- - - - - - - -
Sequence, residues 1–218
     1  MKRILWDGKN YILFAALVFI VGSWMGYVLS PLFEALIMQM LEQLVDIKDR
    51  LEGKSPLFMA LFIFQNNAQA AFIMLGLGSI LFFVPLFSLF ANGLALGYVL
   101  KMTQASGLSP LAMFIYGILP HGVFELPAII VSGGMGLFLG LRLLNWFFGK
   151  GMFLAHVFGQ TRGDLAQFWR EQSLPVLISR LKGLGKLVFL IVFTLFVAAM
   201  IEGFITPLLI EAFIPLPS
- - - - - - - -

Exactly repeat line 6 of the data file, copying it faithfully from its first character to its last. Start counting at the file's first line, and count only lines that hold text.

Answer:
   201  IEGFITPLLI EAFIPLPS